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Test Pattern: Five-link Friday

Comic-strip Weblogs; Make Your Own Jackson; play Iron Chef; save "The Wire': "Napoleon Dynamite" rumor. By Gael Fashingbauer Cooper

Five-link Friday

It's been a while, but our Friday of random linkage has returned.

• Since we’ve had such good discussions of comic strips here, I like to share comics-themed Weblogs when I find them. I’ve already mentioned (his comments on the “Mary Worth” honeymoon baby are priceless), but didn’t want to overlook (currently taking on “For Better or For Worse” and Michael Patterson).

• With all this trial coverare, do you find yourself missing the 1975 version of Michael Jackson? If so, try , from South Florida’s Sun-Sentinel.

• Ever wanted to be the chef who gets to take on the secret ingredient in Iron Chef’s Kitchen Stadium? The Food Network site has a that puts you right there in the middle of the potboiling action.

• Fans of HBO’s gritty “The Wire” have been to keep the show alive. Will it work? My co-worker sure hopes so — she says she's done just about everything on the list.

• There are regular rumors that some celebrity or other has died young – remember the buzz that the actor playing Eddie Haskell had died in Vietnam (he didn’t) or that Mikey from the Life cereal ads blew up after mixing Pop Rocks and Coke (he didn’t either)? Seems that the latest actor to get slapped with this kind of rumor is Jon Heder, who plays Napoleon Dynamite in the quirky movie of the same name.  Some of the rumors claimed Heder died in a car crash, others said he OD’d. None of the rumors are true: .

Visit to Washington

I was lucky enough to spend President's Day in Washington, D.C. with a good friend. Since she's a resident, she never goes to all the touristy places on her own, so they're as new to her as they are to me.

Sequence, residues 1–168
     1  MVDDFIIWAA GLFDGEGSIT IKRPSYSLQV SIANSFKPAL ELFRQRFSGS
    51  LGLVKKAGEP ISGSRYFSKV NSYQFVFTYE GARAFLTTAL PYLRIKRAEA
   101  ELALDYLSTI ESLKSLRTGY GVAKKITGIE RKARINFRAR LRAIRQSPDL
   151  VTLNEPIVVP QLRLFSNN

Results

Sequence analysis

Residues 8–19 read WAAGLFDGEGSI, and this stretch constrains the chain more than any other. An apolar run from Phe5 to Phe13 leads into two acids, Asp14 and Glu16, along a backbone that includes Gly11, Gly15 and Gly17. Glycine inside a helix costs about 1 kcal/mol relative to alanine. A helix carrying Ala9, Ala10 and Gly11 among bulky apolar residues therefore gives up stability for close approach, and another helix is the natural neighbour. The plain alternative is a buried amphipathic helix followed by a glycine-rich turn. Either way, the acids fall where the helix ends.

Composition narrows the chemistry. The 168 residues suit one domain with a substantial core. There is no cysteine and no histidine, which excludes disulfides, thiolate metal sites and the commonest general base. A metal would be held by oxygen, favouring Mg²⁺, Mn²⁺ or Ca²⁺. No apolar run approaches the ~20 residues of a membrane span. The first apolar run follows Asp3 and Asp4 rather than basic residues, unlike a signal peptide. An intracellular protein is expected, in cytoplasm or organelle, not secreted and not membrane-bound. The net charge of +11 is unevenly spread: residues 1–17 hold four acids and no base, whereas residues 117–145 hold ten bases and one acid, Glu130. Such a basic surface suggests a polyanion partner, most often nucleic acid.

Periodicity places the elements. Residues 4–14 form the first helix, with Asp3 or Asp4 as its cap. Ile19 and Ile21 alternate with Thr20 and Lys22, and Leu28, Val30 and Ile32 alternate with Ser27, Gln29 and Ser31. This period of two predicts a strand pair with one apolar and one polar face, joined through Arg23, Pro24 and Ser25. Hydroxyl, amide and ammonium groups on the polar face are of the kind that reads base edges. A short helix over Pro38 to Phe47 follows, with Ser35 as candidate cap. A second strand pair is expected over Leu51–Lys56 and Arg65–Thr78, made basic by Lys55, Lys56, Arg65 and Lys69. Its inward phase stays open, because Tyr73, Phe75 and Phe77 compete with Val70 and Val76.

This trip, we visited and D.C.'s fairly new .

Arlington Cemetery has so many different areas worth visiting that I was soon wishing I'd worn more comfortable walking shoes. We took a self-guided tour of Arlington House, once home to Robert E. Lee and his family and eventually turned into a military cemetery by a Union general who intended to make the estate uninhabitable so that the Lees would never return.

There are so many graves and monuments worth visiting at Arlington that I'd advise visitors to purchase a guidebook in the visitor's center before starting to wander. But signs clearly point to two of the cemetery's most popular graves -- the John F. Kennedy gravesite and the Tomb of the Unknown Soldier.

The JFK gravesite is simpler than I expected, its eternal flame bright but small. Jacqueline Kennedy Onassis, who died in 1994, has a stone next to the President's, and on the outskirts of the grave are markers for two of their children who died — Patrick as an infant, a baby girl stilborn.

There was a hushed silence among we tourists who gathered at the JFK site, broken only by the snapping of cameras. But when we turned around, the silence was often broken by gasps. From behind the Kennedy gravesite, visitors face an amazing view of the nation's capital. Hills roll down to reveal the city's famous monuments, and few postcards could capture the beauty.

The is not to be missed. In the midst of so many graves of the generals, the famous, the presidents, this tomb reminds us of the ultimate sacrifices made by so many whose names never appeared in a newspaper. The tomb is forever guarded by specially trained soldiers whose uniforms positively gleam. Just like at Buckingham Palace, they have an elaborate Changing of the Guard ceremony, and we were lucky enough to catch it. Hard not to get a lump in your throat while watching. The Vietnam tomb is now empty, as the Unknown from that war has been identified, but the tomb itself remains as a reminder of that war's lost soldiers.

From Arlington, we walked across to the , which opened in 2004.

My D.C. resident friend told me that when it opened, the memorial received some negative reviews from art critics, but we both fell silent at the sight of the sweep of the grand memorial, with two tall pavillions marking the Pacific and Atlantic theaters. 56 pillars mark the states and territories, and battle names are carved into each pavillion.

As with the Vietnam Wall, we found many personal mementoes left to honor the war's veterans. One family had left a laminated poem written by a grandson to his veteran granddad; another had left a laminated army discharge card.

It was truly a different time, that war, and I was reminded of just how far removed we are from that era when I was able to stand at the memorial and take a photo of my own father's battle name -- Okinawa -- and without moving from the spot, use a camera phone to email it to him 1,000 miles away at his Minnesota farm.